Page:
Marketing over the last three years has been a learning experience. Most of my clients are working, busy people from the age of 30-60 so I don’t imagine them spending a lot of time on blogs, social media etc. I do spend on Google CPC and I do work with some bloggers as my budget allows. I do re-targeting on a small scale and email blasts every week or two to update clients on new designers, share interviews with them or my picks on the best seasonal pieces on the blog. I do a photo shoot 2x a year to create lifestyle imagery for blasts or PR outreach. Social media is of course important. It all contributes, but I don’t have the magic bullet answer on what really pushes the needle on sales, which can be frustrating. I think in the end it’s a bit of everything which will continue to propel growth.

Where do the majority of your customers live?

I would say 90% of my clients are in the US. Mainly urban areas as you would imagine: NYC,  LA,  Chicago, Seattle, Miami…but in between as well. Internationally some of my best clients are in Australia, Singapore, Tokyo, Seoul, France, and the UK.

Who are three designers you would like to introduce to our readers?

I have more than three but I will bite my tongue. I would say in the Spanish arena: Bonastre, Atelier Marchal and Steve Mono would be top picks for lesser known, beautiful product. Each has a different take on classic. Bonastre is architectural in feel. Atelier Marchal is a bit rock ‘n roll, and Steve Mono is retro classic with an artistic/painterly bent. OK, sorry, two more I have to mention in the German camp: Tsatsas and PB 0110.  These are collections for purists. Their designs are minimal, with sublime details that come to life using incredible luxury materials.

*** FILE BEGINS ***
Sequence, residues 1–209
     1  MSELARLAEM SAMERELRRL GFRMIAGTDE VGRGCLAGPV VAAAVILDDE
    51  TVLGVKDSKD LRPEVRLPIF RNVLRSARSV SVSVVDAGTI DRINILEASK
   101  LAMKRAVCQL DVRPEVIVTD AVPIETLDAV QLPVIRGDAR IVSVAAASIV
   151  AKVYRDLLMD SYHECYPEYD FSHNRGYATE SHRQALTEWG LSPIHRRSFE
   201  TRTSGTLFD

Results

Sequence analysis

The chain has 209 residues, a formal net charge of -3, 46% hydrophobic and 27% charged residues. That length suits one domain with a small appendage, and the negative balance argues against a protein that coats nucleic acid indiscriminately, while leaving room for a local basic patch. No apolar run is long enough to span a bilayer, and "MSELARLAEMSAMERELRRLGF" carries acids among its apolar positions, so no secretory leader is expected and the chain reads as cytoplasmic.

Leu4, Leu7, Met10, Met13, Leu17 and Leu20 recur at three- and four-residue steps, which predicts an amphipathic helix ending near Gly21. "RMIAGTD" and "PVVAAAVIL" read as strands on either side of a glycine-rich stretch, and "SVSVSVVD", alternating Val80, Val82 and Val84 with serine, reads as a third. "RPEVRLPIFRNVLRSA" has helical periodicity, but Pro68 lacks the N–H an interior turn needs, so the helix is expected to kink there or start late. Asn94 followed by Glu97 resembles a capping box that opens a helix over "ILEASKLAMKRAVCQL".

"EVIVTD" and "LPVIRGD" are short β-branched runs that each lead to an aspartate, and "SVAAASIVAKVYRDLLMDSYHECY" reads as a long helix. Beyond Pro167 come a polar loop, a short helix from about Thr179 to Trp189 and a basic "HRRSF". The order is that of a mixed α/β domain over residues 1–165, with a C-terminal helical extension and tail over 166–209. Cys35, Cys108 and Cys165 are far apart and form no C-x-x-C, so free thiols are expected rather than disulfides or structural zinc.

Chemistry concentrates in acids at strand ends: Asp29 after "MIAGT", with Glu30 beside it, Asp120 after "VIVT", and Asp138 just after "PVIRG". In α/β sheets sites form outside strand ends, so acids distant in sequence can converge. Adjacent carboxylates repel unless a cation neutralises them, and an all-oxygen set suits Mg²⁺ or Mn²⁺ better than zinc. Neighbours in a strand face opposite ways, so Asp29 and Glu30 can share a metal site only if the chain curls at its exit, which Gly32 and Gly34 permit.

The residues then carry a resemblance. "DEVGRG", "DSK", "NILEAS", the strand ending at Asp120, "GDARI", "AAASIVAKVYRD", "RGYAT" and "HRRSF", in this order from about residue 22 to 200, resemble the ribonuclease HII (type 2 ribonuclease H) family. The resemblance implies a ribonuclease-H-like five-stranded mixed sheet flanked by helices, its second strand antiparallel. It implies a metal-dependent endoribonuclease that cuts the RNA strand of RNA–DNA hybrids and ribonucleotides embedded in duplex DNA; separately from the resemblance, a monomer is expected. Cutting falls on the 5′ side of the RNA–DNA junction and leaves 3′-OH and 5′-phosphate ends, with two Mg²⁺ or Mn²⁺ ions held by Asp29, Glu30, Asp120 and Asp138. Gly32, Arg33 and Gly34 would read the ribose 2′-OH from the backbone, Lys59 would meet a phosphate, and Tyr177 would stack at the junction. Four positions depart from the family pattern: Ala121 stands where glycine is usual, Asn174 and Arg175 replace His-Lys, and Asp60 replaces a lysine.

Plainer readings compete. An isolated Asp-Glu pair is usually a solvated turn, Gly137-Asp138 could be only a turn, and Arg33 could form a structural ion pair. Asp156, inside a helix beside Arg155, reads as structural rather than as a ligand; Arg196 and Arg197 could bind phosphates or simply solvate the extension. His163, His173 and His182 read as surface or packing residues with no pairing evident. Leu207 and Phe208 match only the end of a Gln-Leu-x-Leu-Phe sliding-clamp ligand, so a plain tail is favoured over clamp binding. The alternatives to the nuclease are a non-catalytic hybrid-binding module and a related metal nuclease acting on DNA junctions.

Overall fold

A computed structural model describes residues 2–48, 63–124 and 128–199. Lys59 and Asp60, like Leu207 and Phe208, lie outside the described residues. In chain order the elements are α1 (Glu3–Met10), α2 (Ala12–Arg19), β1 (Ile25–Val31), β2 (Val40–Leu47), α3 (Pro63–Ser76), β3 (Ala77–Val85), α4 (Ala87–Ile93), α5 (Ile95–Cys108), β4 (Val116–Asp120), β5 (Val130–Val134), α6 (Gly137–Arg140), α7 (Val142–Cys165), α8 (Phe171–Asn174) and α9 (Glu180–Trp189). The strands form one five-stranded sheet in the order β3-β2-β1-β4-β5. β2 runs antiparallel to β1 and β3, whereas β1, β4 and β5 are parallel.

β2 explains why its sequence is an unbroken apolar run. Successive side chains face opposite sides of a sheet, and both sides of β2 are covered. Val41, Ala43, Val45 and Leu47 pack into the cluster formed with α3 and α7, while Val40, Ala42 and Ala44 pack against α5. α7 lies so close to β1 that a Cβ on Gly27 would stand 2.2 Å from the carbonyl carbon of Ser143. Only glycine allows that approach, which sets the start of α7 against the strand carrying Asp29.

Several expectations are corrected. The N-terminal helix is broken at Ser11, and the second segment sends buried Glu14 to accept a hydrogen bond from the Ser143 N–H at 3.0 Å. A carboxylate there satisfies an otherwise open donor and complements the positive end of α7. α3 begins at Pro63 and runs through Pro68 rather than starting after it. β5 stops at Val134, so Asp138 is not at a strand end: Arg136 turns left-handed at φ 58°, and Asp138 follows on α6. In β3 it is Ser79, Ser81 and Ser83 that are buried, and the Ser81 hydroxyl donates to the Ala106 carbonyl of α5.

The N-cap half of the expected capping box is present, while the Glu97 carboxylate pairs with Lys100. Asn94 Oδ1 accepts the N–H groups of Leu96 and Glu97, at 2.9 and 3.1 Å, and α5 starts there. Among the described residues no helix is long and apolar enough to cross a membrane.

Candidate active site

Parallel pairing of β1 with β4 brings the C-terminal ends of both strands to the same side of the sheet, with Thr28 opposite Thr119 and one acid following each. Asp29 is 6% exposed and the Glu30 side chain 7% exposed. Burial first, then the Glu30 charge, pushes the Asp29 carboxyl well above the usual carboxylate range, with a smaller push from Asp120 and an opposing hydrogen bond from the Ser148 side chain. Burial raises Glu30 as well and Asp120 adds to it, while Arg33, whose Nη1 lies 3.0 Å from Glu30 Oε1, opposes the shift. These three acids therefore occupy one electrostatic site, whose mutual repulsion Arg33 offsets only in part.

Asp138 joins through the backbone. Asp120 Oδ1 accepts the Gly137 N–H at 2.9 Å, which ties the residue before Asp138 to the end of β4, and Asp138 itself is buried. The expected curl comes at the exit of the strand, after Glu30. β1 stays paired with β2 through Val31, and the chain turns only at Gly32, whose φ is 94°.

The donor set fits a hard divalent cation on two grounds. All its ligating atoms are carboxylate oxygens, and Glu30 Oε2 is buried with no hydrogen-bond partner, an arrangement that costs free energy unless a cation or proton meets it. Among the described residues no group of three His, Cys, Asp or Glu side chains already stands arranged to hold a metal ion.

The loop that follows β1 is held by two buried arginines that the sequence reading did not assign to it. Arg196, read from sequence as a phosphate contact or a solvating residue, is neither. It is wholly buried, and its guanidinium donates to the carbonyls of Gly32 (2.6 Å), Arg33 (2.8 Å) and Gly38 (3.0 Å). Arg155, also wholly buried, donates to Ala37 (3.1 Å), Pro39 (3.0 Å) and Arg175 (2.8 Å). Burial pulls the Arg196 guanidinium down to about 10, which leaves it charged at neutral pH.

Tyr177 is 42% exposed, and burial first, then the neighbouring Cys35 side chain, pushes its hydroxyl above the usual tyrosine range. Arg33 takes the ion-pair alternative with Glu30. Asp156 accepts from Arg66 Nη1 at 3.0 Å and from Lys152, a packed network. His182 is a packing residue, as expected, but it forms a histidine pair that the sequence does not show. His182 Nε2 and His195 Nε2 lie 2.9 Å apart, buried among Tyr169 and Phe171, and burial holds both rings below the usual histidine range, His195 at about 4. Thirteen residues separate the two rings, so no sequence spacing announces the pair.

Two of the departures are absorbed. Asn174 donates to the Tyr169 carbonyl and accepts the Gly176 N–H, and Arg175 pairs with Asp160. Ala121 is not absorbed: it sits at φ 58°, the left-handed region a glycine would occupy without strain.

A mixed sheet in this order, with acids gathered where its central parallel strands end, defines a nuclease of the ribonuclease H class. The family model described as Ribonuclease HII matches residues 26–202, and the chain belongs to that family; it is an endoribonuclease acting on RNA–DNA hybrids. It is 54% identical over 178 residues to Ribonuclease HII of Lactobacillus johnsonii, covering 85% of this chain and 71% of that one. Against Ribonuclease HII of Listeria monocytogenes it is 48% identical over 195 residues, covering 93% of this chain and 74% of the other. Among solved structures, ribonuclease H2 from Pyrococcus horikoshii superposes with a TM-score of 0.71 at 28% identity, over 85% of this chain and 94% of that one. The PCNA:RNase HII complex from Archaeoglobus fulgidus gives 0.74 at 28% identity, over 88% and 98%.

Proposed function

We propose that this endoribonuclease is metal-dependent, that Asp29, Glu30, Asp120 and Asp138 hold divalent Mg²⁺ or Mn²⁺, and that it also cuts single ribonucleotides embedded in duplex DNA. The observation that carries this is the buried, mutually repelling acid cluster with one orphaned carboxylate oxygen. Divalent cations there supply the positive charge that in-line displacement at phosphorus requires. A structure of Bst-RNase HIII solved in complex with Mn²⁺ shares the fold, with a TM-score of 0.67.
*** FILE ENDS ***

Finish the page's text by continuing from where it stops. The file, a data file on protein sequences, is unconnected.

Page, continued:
Any plans to open a brick and mortar?

I would LOVE to do this. It will probably happen at one point.  I truly enjoy helping people in person so I feel a bit frustrated that my medium is online only. The question is where though.  I currently live in a suburb where traffic is pretty light and rents are high. I am campaigning my husband to move back to the Bay Area so perhaps if we transition there I can fulfill the last aspect of my dream career.